The goal is to provide "one interaction between the government and the citizen," said Mark Forman, the former e-government executive who championed government-to-citizen e-services. "It's a transaction-based approach, and [agencies] simplified that and put additional features into it."

Despite the challenges of interacting with the public, the government is heading in the right direction, said Kate Quick, a resident of Alameda, Calif., who is going right along with e-government.

As president of the local League of Women Voters chapter, she often refers people to government Web sites when they need information and are not computer savvy. "I think it's wonderful," she said. "It's a pain in the wazoo to go to a government office. Since [Sept. 11, 2001], it's even worse. Everybody has a lot of security, and you have to go through a lot of hoops. It's not always comfortable or user friendly."

Not only that, Quick said, government offices have employees who don't want to help customers when it's close to lunch or closing time. "Time is definitely money," she said. "Having that ability from home and 24/7, you can get the information you need whenever you need it, and you don't have to go anywhere."

OMB and other agency officials recognize that they need to provide multiple ways for citizens to interact with government agencies while ensuring they get the same information no matter what method they use, Evans said. USA Services is so far the leader in this area, linking the governmentwide FirstGov Web portal, a toll-free phone service, in-person centers and mail services.

Officials hope others learn from the way USA Services leaders regularly evaluate and seek feedback on how well their services are meeting citizens' needs, Evans said.

"We need to really get focused on the best way to get customer feedback," she said. "The type of discipline that [USA Services] has on that is something we plan to bring to the other initiatives."

Still a tough sell

There are still plenty of skeptics about government Web sites. Two-thirds of those surveyed said they didn't have any reason to visit GovBenefits.gov, even though many Americans receive at least one type of government benefit. More than half of the respondents said they haven't visited Recreation.gov because they didn't need information about national or state parks. And about half of those surveyed said they found IRS.gov while searching for any Web site with information about filing taxes.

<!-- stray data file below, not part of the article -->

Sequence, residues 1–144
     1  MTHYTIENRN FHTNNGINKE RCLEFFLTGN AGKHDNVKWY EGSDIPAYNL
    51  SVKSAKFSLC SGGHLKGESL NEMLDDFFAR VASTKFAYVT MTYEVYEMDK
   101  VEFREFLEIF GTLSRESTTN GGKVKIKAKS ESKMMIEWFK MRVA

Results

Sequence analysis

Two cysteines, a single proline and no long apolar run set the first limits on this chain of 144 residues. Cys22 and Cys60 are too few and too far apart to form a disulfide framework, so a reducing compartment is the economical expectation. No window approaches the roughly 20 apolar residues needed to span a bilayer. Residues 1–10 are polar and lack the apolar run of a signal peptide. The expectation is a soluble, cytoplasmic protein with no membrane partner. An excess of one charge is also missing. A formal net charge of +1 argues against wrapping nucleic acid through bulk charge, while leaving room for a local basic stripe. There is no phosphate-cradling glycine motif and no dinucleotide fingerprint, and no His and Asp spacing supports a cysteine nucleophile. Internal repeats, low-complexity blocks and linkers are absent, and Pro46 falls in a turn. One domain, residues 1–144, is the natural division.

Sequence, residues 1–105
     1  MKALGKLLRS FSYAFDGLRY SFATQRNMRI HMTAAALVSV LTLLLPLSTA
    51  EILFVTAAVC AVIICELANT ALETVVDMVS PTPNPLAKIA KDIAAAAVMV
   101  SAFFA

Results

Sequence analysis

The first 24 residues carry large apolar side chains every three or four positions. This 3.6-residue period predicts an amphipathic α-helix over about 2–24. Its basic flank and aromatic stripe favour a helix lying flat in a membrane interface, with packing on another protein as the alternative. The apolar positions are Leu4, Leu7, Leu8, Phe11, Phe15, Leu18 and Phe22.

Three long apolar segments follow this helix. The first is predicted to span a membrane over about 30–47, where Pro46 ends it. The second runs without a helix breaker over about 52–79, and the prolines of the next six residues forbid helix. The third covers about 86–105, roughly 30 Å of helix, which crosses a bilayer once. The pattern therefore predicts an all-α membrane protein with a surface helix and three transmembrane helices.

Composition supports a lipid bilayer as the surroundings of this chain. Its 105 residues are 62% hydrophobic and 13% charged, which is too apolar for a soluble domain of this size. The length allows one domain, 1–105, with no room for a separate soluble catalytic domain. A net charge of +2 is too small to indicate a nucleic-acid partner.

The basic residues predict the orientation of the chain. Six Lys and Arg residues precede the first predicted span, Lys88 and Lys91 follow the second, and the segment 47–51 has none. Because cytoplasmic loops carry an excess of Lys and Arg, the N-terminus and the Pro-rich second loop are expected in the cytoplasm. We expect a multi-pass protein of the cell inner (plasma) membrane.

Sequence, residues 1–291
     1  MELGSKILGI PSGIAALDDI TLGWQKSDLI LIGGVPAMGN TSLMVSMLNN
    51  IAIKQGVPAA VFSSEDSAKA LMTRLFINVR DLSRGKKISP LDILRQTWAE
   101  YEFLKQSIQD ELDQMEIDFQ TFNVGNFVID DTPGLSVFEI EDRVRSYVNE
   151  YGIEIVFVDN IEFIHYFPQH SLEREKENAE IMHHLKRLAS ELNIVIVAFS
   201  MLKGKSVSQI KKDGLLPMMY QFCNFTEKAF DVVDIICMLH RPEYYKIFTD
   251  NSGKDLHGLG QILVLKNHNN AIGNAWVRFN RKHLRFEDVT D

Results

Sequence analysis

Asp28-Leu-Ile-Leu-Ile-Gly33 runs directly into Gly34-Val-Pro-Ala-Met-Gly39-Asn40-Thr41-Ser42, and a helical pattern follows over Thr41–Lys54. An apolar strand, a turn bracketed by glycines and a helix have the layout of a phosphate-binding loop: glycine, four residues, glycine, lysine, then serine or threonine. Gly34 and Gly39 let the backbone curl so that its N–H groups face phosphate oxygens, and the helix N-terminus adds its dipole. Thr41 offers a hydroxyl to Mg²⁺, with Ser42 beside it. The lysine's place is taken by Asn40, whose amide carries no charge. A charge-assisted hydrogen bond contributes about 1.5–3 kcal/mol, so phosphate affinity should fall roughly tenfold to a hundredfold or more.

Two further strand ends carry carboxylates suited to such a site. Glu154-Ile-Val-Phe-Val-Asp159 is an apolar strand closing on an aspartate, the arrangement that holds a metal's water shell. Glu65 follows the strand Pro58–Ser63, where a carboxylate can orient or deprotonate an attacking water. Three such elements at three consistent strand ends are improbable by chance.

E-government officials may never convince people like Robert Altobelli, an unemployed printer from Rochester, N.Y. Altobelli tried using government Web sites to find a job but had no luck.

"The links didn't get me where I wanted to go," he said. "You fill out a bunch of information and get to the end, and somehow [your application] doesn't get

accepted."

Altobelli said he would still rather get the information over the phone. He said he doesn't have an answering machine, VCR, microwave or computer.

Other people need additional help to make e-government work for them. Roland Crawford, an 80-year-old retired sales manager from Thousand Palms, Calif., is blind. He relies on his wife to browse government Web sites because he can only use a voice-activated computer. Still, he agrees that it's acceptable for the government to spend money on e-services.

"We used it this year for information on Medicare," Crawford said. "We looked up information on the IRS [site] to find out what the changes were. It was very helpful."

Many Internet users say they'd like to send messages to the government, especially members of Congress, and make sure that someone is listening to their needs. Thorne, the retired Texas bank teller, said she planned to sit down at her computer before the upcoming November election to find a "reliable, unbiased source of information on the candidates, and there probably is one out there."

What she would really like to find, Thorne said, is a government Web site "that would offer me the opportunity to say what I think."

That does not surprise Evans. "As you put more out there, people want more," she said. "They will want to be able to do more. It's convenient to do things that way rather than get in your car and go downtown."

Would the plug ever be pulled if e-government services aren't popular? "I would say no right now, but that's not out of the realm of possibility," she said. "Regardless of the medium, we want to be citizen-centered, citizen-focused."

Diane Frank contributed to this report.